Month: July 2016

grilled scallops with oregano buds; sautéed okra; tomatoes


Very simple.

Once the scallops, 2 vegetables, and 2 herbs had been washed and dried, the tomatoes and oregano chopped, and the basil torn, this meal came together in about 10 minutes, and pumping a minimum of heat into the kitchen.


  • fourteen medium scallops from P.E. & D.D. Seafood, washed, drained and very thoroughly dried on paper towels (twice), generously seasoned with salt and pepper, pan grilled for about 90 seconds on each side, finished with a squeeze of a small sweet lemon from Trader Joe’s, a scattering of budding oregano from Stokes Farm, most of it chopped, and a drizzle of good olive oil poured on top


  • small okra from Lani’s Farm, sautéed over a high flame in a large cast iron pan with a little olive oil and some crushed dried Itria-Sirissi chili (peperoncino di Sardegna intero), stirring, seasoned with sea salt
  • one chopped heirloom tomato from Eckerton Hill Farm and 2 quartered Backyard Farms Maine ‘cocktail tomatoes’ from Whole Foods, dressed with a Campania olive oil, Maldon salt, Tellicherry pepper, a little balsamic vinegar, and tossed with some torn basil leaves from Sycamore Farms
  • the wine was a New York (North Fork) rosé, Bridge Lane Rosé 2015
  • the music was Johann Adolf Hasse’s 1725 opera, ‘Marc’ Antonio e Cleopatra’, in a performance by le Musiche Nove, Claudio Osele conducting

duck with micro beet greens; snow peas with lemon, mint


Gamey.  The duck was definitely more gamey this time than we remember it ever being, but for us that’s a good thing.  The next day, I described it to one of the people I see regularly behind the Hudson Valley Duck Farm counter in the Greenmarket. He told me that the breed of duck they raise hasn’t changed [in many years] and then asked me how large the breast had been, suggesting that it might have been because of the age of the duck, but we both agreed that one pound was not out of the norm.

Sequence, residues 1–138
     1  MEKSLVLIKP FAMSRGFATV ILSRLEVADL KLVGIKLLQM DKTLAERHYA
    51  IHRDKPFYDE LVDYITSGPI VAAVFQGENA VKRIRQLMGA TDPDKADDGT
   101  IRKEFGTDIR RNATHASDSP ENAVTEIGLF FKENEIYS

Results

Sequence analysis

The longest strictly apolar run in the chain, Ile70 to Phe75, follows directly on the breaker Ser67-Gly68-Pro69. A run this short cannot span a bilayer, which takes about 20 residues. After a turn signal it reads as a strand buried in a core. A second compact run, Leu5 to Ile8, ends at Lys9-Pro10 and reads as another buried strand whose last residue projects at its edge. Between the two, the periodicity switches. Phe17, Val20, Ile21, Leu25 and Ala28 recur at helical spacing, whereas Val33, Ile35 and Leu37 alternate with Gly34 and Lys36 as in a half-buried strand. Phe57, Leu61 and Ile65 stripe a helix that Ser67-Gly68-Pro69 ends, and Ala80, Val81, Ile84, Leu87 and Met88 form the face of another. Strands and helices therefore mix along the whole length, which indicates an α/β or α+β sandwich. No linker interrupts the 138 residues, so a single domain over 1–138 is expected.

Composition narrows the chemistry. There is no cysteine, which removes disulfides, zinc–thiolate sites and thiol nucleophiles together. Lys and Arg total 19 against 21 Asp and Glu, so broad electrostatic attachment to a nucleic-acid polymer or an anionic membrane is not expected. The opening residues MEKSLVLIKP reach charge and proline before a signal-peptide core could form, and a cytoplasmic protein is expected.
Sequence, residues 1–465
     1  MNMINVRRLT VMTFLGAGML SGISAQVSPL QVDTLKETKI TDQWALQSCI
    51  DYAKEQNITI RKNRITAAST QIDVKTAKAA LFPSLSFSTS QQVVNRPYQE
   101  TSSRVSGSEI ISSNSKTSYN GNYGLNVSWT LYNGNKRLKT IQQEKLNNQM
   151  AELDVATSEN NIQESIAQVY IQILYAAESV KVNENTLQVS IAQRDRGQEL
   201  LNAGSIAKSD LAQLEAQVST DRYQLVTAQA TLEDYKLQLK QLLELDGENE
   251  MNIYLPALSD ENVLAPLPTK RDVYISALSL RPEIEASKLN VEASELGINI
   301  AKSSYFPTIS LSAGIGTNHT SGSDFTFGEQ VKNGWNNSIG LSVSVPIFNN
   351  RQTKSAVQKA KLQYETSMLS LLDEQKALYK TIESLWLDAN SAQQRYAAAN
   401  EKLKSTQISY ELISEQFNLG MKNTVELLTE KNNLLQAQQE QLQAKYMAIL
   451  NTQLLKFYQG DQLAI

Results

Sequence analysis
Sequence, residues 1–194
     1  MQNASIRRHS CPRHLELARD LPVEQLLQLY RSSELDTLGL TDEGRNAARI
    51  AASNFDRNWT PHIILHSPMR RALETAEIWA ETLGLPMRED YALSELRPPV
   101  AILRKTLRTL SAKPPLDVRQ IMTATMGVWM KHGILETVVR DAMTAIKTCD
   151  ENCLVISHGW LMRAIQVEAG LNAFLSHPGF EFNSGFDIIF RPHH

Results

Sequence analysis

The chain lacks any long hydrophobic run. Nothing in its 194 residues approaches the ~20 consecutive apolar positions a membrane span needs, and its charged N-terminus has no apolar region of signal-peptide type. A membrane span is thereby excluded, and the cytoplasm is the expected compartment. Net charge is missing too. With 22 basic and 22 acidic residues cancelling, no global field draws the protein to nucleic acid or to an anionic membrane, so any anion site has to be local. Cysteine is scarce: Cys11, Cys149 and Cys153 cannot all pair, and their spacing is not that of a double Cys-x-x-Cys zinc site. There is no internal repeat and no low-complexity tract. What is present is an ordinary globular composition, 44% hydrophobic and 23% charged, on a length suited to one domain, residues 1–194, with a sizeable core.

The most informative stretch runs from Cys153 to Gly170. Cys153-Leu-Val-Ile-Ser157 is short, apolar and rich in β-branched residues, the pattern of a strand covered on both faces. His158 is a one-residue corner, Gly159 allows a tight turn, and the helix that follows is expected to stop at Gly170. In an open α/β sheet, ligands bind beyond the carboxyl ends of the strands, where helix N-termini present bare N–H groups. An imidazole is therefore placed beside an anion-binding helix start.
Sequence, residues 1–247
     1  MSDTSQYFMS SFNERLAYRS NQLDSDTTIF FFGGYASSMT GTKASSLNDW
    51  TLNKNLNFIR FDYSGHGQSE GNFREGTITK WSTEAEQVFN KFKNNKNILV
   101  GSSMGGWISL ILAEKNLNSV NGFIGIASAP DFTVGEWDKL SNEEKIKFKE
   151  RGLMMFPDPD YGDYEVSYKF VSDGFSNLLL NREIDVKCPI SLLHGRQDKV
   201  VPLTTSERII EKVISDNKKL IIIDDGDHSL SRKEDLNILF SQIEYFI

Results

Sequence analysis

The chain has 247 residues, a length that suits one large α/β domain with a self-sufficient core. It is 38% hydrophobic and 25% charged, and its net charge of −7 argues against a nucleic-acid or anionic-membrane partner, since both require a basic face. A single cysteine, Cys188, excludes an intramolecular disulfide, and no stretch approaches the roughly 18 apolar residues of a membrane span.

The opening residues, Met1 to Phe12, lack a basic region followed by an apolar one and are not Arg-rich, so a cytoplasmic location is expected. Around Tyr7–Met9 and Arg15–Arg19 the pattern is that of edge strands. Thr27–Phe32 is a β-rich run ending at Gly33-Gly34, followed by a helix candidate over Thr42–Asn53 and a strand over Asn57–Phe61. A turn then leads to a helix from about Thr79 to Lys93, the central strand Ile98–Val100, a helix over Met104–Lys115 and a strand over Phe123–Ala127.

Apparently it was just a gamey duck, a very good gamey duck.


  • a one-pound boneless duck breast from Hudson Valley Duck Farm, the fatty side scored in cross hatching with a very sharp knife, the entire breast then sprinkled with a mixture of sea salt, freshly-ground Tellicherry pepper, and a little bit of turbinado sugar (which, in our kitchen, means infused over time with a vanilla bean), the duck left standing for 45 minutes or so before it was pan-fried, fatty side down first, in a tiny bit of oil over medium heat, draining the oil part of the way through (to be strained and used in cooking later, if desired), removed when medium rare and cut into the 2 portions at that time to be certain of its doneness, left to sit for several minutes before finishing it with a drizzle of organic lemon, a sprinkling of micro beet greens from Two Guys from Woodbridge, and a bit of Campania olive oil (the tenderloin, removed earlier from the breast and also marinated, is always fried very briefly near the end of the time the breast itself is cooking)



bacon, eggs, crusty bread, 2 salts, 2 peppers, 6 herbs, etc.


And no toast!

I think I went a little overboard with the condiments this time. It was supposed to be just bacon and eggs, but I think I was inspired by a new (well, actually, antique) master salt I had just brought home and I went looking for a second kind of salt to serve with our favorite finishing salt, Maldon. Then I found more things, both dry and fresh, to put on the table in little dishes, and a meal that might otherwise have been pretty standard breakfast/lunch fare had become almost exotic.

The image below is of the eggs (which were smaller than usual) looked just before they had finished frying in my heavy iron pan. It had been a little too hot when I cracked the eggs into it, so the thinner layer of whites almost immediately bubbled up as they set, giving them a slightly weird appearance. I did however get every one of them onto the plates with yokes intact, something I’ve not always been able to manage.